9 Simple Ways to Boost Your Home Wi-Fi Network

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We’ve all been there: You're watching the latest season of Orange is the New Black on Netflix when, all of a sudden, the video jerks to a stop—and the endless buffering begins. It's frustrating when your network slows down (or shuts down completely), but there are a few tricks you can use boost your Wi-Fi signal. Here are a few of them.

1. DON'T HIDE YOUR ROUTER.

Most people hide their routers because they’re unsightly or in the way, but placing a router in a closet or in a cabinet is a one-way ticket to slow Wi-Fi: Walls and doors can degrade and absorb signal strength. Find a central location in your home and put your router on a table or bookshelf. Because some routers are designed to project a Wi-Fi signal slightly downward, keeping it higher off the ground will evenly distribute a Wi-Fi signal throughout your home.

2. STAY AWAY FROM APPLIANCES AND METAL OBJECTS.

Microwaves, cordless telephones, flourescent lights, and even other routers in your neighbor’s home or apartment may interfere with your Wi-Fi signal. To reduce interference, place your router away from household appliances and set it to a different wireless channel and frequency. Using online tools—Acrylic Wi-Fi for Windows and AirGrab Wi-Fi Radar for Mac, for example—can help you find the right wireless channel with the least amount of interference. If you want an easier fix, most routers have an automatic option to find the best channel for your location.

You should also avoid placing your router near metal objects, which can absorb signal strength.

3. RESET ON A SCHEDULE ...

It sounds simple enough, but a majority of tech support problems can be cleared up by simply resetting or rebooting your router or modem on a regular basis. (It's also probably the first thing your Internet provider will ask you to do when you call to complain, so head them off at the pass.) And if you buy an outlet timer, you don't even have to worry about it: Set the timer to reset your router once a day at an off-peak time.

4. ... AND UPDATE YOUR FIRMWARE.

Yes, we know—running firmware updates is annoying and time consuming. But if you have an older router, those updates ensure your router's software is running at its best and most efficient. And remember: It's best to buy a new router every seven or eight years.

5. ADJUST YOUR ROUTER'S ANTENNAS.

Most routers have two adjustable antennas on top. If yours are parallel, it's time to switch things up and go perpendicular. Wi-Fi works best when signals are parallel to a device’s internal antenna, which are horizontal in laptops and vertical in desktop computers. Internal antennas vary in mobile devices, depending on how you’re holding them (in portrait or landscape mode). Keeping a router’s antennas perpendicular to each other will ensure a solid connection between your home network and your smartphones and laptops.

6. USE BEER CANS.

Typically, a beer is something best enjoyed after a home improvement project is complete, but in this case, it's necessary to drink one before you even get started: The aluminum in beer and soda cans reflects and extend the signal farther than the router itself.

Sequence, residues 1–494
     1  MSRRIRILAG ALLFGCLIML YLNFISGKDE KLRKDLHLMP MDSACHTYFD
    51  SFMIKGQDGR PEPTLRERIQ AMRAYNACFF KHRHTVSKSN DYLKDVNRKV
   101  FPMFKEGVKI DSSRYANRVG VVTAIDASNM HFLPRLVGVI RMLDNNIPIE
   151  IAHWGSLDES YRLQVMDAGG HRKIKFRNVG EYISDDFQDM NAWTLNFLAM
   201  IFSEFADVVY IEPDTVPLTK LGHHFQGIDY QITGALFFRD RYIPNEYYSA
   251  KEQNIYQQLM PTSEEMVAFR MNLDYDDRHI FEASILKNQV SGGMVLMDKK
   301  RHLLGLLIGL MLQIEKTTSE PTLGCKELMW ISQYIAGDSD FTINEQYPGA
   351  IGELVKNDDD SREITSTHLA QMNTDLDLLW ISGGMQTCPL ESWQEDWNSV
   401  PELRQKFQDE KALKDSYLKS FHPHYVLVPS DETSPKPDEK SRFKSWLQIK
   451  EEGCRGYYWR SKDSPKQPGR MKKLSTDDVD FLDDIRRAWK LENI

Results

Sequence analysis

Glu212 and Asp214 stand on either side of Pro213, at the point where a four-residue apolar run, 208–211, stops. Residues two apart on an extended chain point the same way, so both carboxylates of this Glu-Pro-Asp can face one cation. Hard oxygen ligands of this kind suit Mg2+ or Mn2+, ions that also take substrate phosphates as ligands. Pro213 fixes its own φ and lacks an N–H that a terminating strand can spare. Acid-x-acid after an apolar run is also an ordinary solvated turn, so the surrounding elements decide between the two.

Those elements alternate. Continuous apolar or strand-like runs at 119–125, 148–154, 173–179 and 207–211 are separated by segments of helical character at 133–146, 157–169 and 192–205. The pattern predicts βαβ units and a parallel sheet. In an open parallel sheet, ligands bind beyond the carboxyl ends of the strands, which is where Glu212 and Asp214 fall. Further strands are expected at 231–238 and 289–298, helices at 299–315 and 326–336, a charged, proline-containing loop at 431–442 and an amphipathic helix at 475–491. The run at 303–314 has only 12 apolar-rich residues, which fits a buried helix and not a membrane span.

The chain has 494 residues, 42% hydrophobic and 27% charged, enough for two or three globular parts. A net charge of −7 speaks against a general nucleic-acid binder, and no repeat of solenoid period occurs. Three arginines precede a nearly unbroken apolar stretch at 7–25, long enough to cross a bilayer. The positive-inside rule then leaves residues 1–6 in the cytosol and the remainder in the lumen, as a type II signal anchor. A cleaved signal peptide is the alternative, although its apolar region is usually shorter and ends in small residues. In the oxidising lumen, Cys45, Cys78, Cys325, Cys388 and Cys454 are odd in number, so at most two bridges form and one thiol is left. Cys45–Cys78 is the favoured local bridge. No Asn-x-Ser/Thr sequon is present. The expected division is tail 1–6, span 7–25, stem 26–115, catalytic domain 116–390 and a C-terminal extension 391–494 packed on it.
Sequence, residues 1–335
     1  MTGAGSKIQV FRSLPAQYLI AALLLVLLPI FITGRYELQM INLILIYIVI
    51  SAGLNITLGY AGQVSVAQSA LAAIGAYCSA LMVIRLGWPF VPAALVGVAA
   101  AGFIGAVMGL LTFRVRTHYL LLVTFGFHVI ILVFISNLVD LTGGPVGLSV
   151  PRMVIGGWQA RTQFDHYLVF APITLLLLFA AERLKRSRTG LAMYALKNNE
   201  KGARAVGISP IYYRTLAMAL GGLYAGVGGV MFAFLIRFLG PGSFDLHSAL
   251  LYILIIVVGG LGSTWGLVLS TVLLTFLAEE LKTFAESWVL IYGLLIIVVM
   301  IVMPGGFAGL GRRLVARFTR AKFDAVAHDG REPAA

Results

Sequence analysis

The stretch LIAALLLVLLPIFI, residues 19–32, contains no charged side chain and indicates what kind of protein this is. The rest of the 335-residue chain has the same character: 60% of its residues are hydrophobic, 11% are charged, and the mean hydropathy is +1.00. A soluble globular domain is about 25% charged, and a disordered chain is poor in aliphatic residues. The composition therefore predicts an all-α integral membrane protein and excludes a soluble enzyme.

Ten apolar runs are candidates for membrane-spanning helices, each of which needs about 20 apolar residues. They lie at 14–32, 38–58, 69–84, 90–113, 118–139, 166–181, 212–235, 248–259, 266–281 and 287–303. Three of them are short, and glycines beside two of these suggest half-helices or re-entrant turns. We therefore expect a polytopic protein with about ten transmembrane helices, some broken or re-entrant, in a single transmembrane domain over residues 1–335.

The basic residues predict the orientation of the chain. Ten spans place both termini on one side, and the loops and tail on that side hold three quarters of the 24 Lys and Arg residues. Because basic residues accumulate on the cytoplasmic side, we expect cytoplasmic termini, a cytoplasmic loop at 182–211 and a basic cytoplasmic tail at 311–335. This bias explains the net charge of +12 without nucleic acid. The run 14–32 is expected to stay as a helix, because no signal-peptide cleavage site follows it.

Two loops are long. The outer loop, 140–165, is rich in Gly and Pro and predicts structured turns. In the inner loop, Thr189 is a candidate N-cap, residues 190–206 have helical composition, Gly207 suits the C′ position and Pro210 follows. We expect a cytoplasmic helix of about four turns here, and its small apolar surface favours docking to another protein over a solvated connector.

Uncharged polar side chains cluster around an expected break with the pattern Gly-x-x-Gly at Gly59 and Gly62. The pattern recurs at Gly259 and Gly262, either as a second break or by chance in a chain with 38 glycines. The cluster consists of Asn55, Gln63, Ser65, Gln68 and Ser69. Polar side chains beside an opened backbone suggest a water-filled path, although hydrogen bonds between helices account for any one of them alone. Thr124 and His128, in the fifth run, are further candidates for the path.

Here's how it works. Step one: Have a beer and wash out the can. Then, remove the pop top and, using a pair of scissors or a utility knife, cut around the bottom of the can to remove it. Repeat the process for the top of the can, just below the mouth, but don’t cut all the way around—leave about 1 to 2 inches of space at the top to make sure the mouth of the can is still attached. Then, from the bottom, cut down the middle of the can on the opposite side of the space. Fan out the flaps to create a curve or parabola and turn the can upside down to stand it up. Stick one of the router's antennas through the mouth of the beer can and use a small piece of duct tape or blu-tack to keep it in place, then repeat the process for the other antenna. Although your router might look messy, your signal strength should greatly improve (at least in certain directions).

If you don’t want to use a beer can, you can use simple household tinfoil to create the same effect.

7. PASSWORD-PROTECT YOUR NETWORK ...

Because home Wi-Fi speeds are (slightly) dependent on how many people are using it at one time, a strong password is key: It will ensure that only authorized people are using your network. Take advantage of the security already built into your router and select a password (or better yet, a passphrase) that is a hard-to-figure-out combination of letters, numbers, and symbols.

8. ... AND STAGGER HEAVY BANDWIDTH USEAGE.

If too many people on your home network are using heavy bandwidth at the same time, like playing online video games, watching Netflix, and downloading movies and music from iTunes, then your entire network will slow down for everyone. Try to stagger heavy Internet use to make sure your home network is running fast and smooth for all users.

9. BUY A REPEATER.

Most routers have a range of about 150 feet. If you live in a big house, devices and computers in rooms farthest away from your router might have a hard time connecting to your home Wi-Fi network. The easiest fix to boost the signal in those rooms is to buy a Wi-Fi repeater, which can plug into any wall outlet and will increases a signal's range and strength to the farthest parts of your home (with a corresponding decrease in internet speed for those connecting to the extender, but you can’t have everything).

If you’re feeling more ambitious (or cheap), you can turn an old router into a Wi-Fi repeater with a little bit of programming and hacking.

China's Coronavirus App Is Alerting Citizens When They're in Danger of Being Infected

Coronavirus fears have spread throughout China and beyond.
Coronavirus fears have spread throughout China and beyond.
Kevin Frayer, Getty Images